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A Festival of New Zealand Stars Abroad

FOR IMMEDIATE RELEASE

Ticket to Hollywood: A
Festival of New Zealand Stars Abroad

The New Zealand Film Archive presents Ticket to Hollywood: A Festival of New Zealand Stars Abroad. The festival samples the work of some of our Kiwi actors and actresses who had a taste of fame overseas during Hollywood’s most glamorous era - back in the days when the stars really were stellar.

The festival starts with Nola Luxford and Dale Austen, who were in Hollywood during the 1920s. It also features newsreels from the era and home movies made by Ron Tonkins, a Kiwi visiting Hollywood in the 1940s. It concludes with John Batten, who had a brief career as a supporting actor in Hollywood en route to his ticket to fame in the UK, and Inia Te Wiata, who made the Technicolor western The Seekers in the UK (with location scenes in NZ) in 1954.

The festival runs from 3 May - 21 June, in conjunction with the Alexander Turnbull Library’s The Limelight Moment; Rediscovering our World Screen Stars exhibition.

All screenings will take place at The Film Archive, 84 Taranaki St, Wellington.

- SATURDAY MAY 3, 4.30 & 7pm: Nola Luxford and the Jazz Age (tickets $8 / $6)

A documentary on Nola Luxford, Nola - Our Own New Zealand Girl (dir. Julienne Stretton, 1985, 46 min, exempt), will screen alongside a selection of newsreels and shorts shot during the Roaring Twenties in New Zealand. These include a hair bobbing competition and beauty pageants.

Programme runs 70 min.

Hunterville girl Nola Luxford had a busy career in Hollywood during the 1920s and 1930s, where she acted in more than twenty films. These included both silent and sound films, several starring roles, and an appearance in a Katherine Hepburn film. She was a diverse actress and the press lauded her elegance.

- SATURDAY MAY 24
5.30pm: Movie Star Makeovers with WELTEC Hairdressing, Beauty Therapy and Make-up Artistry (free admission) 7pm: Dale Austen in The Bush Cinderella (tickets $8 / $6)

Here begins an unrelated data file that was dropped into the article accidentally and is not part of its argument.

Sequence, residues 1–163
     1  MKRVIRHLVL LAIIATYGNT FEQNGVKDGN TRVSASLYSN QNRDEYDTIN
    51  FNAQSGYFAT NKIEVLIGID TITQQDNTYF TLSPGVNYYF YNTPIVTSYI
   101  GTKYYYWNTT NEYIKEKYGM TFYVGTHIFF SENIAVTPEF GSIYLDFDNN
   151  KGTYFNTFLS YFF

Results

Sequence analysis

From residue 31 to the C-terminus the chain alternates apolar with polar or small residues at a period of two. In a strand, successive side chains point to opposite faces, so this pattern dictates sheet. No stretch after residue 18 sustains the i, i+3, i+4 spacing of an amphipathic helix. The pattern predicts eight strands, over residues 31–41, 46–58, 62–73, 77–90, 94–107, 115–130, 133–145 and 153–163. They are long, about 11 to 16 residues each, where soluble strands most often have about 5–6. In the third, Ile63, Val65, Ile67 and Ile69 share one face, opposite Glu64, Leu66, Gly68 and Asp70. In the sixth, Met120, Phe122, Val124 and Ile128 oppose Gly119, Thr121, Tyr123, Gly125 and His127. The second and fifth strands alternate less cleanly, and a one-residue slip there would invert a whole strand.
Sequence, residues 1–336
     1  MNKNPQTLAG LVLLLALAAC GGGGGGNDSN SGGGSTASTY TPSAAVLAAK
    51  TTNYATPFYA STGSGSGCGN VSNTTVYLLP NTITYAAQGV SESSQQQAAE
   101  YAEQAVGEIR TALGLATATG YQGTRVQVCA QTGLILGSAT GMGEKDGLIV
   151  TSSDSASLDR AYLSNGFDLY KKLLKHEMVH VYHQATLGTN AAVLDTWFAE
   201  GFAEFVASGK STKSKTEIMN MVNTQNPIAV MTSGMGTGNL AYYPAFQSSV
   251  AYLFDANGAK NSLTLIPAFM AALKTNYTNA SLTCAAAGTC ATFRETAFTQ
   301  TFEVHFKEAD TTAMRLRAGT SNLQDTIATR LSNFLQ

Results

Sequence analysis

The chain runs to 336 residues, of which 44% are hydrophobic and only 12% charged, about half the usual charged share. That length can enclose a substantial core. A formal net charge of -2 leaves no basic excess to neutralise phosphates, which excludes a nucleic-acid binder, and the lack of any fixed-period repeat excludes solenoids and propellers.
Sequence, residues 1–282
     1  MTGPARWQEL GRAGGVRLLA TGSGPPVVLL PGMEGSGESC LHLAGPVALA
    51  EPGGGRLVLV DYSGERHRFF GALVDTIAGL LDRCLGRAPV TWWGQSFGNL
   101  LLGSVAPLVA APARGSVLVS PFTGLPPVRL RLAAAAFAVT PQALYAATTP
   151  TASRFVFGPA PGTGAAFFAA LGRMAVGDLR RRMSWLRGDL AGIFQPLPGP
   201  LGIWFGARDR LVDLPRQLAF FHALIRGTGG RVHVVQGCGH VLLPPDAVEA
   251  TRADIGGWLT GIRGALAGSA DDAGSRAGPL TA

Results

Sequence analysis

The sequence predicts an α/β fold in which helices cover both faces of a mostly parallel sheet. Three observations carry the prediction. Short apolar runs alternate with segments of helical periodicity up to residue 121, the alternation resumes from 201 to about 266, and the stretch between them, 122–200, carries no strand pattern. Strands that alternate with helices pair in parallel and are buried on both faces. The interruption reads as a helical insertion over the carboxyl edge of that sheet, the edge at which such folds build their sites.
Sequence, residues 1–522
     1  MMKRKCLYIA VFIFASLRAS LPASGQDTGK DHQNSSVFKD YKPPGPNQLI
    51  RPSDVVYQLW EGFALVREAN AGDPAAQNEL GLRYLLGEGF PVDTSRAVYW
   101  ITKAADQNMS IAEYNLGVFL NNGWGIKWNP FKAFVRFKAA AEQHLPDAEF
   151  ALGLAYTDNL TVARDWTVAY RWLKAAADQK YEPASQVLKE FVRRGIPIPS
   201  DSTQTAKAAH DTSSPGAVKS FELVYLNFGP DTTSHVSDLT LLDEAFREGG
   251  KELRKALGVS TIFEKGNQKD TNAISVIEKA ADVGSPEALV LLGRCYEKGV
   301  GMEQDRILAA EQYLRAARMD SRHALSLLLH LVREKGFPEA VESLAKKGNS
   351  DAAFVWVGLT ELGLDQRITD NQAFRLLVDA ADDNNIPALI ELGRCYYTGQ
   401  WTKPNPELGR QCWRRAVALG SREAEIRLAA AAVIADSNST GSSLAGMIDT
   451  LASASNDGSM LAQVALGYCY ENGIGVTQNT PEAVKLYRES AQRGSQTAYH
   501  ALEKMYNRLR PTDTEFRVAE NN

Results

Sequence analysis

Join us in the Film Archive cafe from 5.30-7pm, before the Dale Austen screening, to get your very own movie star makeover. Staff and students and from WELTEC’s Hairdressing, Beauty Therapy and Make-up Artistry course will transform you into the embodiment of 1920s screen glamour or suaveness (they are moustache experts) - and how! Movie stars were amongst the first to popularize the use of make-up, which had been strongly linked with prostitution up until the 1920s. Experience for yourself the illicit thrill of transforming yourself into a new character!

At 7pm there will be a screening of The Bush Cinderella (1928, dir. Rudall Hayward, 84 min, PG), with live piano accompaniment by Shan Jordan.

Back in the era when MGM had “more stars than there are in the heavens,” Dunedinite Dale Austen was one of them - albeit momentarily. When Austen was crowned Miss New Zealand in 1927, part of her prize was a golden ticket to Hollywood. While she only stayed in Hollywood for a matter of months, acting bit parts, a sparkling career in the New Zealand film industry awaited her on her return home.

The Bush Cinderella is a rural melodrama that “New Zealand’s own film star” Austen made soon after her stint in Hollywood. The film includes a dash of high seas adventure on the Waitemata Harbour and a race up Queen Street, Auckland, to the finish. Austen plays Mary, an orphan whose uncle dies leaving a will with her as the sole benefactor, provided she reaches the lawyer by a specified time. In an attempt to claim the money for himself, the uncle’s grasping secretary kidnaps Mary, and her naval officer suitor then attempts to rescue her.

- SATURDAY MAY 31, 4.30pm & 7pm: Ronald Tonkins' Home Movies of the Hollywood that Was (tickets $8 / $6)